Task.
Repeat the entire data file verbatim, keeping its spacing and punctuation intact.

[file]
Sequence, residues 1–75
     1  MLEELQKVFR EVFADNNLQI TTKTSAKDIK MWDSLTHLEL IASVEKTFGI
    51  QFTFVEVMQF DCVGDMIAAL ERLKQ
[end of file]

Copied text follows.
Sequence, residues 1–75
     1  MLEELQKVFR EVFADNNLQI TTKTSAKDIK MWDSLTHLEL IASVEKTFGI
    51  QFTFVEVMQF DCVGDMIAAL ERLKQ